Almost all foreign visitors to Peru pass through Lima — the capital’s Jorge Chávez Airport receives the bulk of the country’s incoming international flights. But arguably more popular is Cusco, the historic Inca capital that provides access to nearby Machu Picchu. If you’re visiting Peru, you’ll probably find yourself in both of these cities.
However, if your schedule is tight and you don’t have time for both, you’ll have to decide which locale you’d prefer to fit into your itinerary. While Lima and Cusco both have a lot to offer, they’re contrasting cities that will appeal to different travelers depending on their individual interests. If you’re trying to figure out which Peruvian metropolis is right for you, use this handy guide.
Looking For Nightlife?
While hitting the club might not be the most surefire way to experience a local culture, nightlife may still play an important factor in your trip planning. And if you’re looking to party, Lima is the city for you. With its wild offerings of salsa clubs, bohemian cafés, and techno bars with coastal views, Lima comes alive when the sun goes down. Stick to the Miraflores and Barranco districts, which are constantly bumping with clubs that open at 9 or 10 P.M. and stay open until the early morning hours. If late-night clubbing isn’t your thing, you can still explore the city’s overwhelming array of shops, restaurants, and concert venues. However you choose to spend the evening, be sure to take a moment to step back and soak in the brilliant energy of this lively town.
Head to Cusco
It’s no secret that the former capital of the Inca Empire holds a lot of history. Just look at the site that attracts so many tourists to it — Machu Picchu. While it’s generally believed to have been either a royal estate or sacred site for Inca leaders, the exact reason for Machu Picchu‘s existence still remains unconfirmed, and its intricate construction and unique location continue to inspire a host of theories, from the plausible to the absurd. But, if learning about the past is what you’re passionate about, Cusco offers a whole lot more than the “Lost City of the Incas” to explore.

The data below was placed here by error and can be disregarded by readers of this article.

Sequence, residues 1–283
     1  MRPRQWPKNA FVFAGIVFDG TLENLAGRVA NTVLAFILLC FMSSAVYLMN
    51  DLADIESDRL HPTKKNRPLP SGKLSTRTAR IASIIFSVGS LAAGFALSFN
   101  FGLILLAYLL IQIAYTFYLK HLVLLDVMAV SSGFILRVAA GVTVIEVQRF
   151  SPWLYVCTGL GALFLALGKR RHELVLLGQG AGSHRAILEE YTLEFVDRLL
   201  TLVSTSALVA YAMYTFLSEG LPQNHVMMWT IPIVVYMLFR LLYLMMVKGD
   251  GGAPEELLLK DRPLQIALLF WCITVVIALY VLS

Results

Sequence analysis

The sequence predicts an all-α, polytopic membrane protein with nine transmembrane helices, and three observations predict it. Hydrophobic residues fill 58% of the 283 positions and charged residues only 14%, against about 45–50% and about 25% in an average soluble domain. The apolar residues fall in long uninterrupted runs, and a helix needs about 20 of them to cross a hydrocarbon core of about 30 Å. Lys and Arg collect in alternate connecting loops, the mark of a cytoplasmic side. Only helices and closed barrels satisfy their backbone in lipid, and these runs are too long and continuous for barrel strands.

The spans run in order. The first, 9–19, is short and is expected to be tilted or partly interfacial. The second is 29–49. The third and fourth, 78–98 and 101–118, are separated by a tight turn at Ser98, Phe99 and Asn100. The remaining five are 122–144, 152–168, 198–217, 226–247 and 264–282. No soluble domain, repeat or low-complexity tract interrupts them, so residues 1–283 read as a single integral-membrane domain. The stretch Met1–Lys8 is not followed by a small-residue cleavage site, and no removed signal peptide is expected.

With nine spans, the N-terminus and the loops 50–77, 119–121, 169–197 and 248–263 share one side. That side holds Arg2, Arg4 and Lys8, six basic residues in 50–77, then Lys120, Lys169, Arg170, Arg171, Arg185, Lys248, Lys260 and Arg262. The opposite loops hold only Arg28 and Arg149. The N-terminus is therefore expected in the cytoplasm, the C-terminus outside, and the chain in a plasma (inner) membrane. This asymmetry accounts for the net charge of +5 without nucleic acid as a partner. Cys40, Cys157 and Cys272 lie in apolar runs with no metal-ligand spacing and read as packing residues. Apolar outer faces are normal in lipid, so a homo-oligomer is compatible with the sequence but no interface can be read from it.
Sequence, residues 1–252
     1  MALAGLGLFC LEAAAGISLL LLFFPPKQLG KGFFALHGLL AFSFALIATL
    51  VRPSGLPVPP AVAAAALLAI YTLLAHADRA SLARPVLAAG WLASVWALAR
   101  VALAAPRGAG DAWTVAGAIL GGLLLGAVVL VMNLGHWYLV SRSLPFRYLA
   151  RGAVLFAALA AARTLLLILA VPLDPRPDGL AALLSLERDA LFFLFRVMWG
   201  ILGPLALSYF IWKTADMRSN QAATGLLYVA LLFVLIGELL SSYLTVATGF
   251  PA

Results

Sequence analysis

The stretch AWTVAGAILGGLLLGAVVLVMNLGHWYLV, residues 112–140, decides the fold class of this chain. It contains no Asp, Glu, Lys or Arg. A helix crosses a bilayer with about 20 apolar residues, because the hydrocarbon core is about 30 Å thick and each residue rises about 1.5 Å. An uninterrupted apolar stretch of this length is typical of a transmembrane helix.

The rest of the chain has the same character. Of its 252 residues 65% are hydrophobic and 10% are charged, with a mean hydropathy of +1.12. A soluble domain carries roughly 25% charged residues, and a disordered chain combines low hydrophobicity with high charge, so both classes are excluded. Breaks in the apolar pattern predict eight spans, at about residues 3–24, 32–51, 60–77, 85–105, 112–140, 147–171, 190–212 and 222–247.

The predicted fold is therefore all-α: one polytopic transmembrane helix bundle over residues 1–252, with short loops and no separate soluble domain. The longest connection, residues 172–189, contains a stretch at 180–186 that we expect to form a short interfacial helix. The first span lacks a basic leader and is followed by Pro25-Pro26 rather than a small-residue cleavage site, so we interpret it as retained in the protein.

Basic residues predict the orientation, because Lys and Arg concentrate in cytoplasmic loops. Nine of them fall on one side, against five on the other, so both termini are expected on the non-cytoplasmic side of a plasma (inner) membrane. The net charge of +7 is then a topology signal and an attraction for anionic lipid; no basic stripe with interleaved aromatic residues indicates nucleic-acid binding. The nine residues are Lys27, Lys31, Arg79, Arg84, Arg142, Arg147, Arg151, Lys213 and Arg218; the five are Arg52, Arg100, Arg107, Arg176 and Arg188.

There’s Saksayhuamán, for instance, a beautiful walled complex on the northern outskirts of the city. First built by the Killke culture around 1,100 A.D., the fortress was expanded by the Incas in the 13th century and now features massive slabs of stone cut and fit together perfectly without mortar. Additionally, the city as a whole remains a reminder of Pizarro’s conquest in 1535, with some Inca temples still standing and other buildings featuring a unique blend of ancient Inca and more modern Spanish colonial architectural styles.
Want to Relax at the Park?
Go to Lima
For years, Lima suffered an ill reputation as a city that was crowded, dangerous, and simply unattractive. Tired of that classification, the city’s government has worked in recent years to better their image, cleaning the streets, revamping infrastructure, and adding to its green spaces. Today, it’s known as the “garden city.”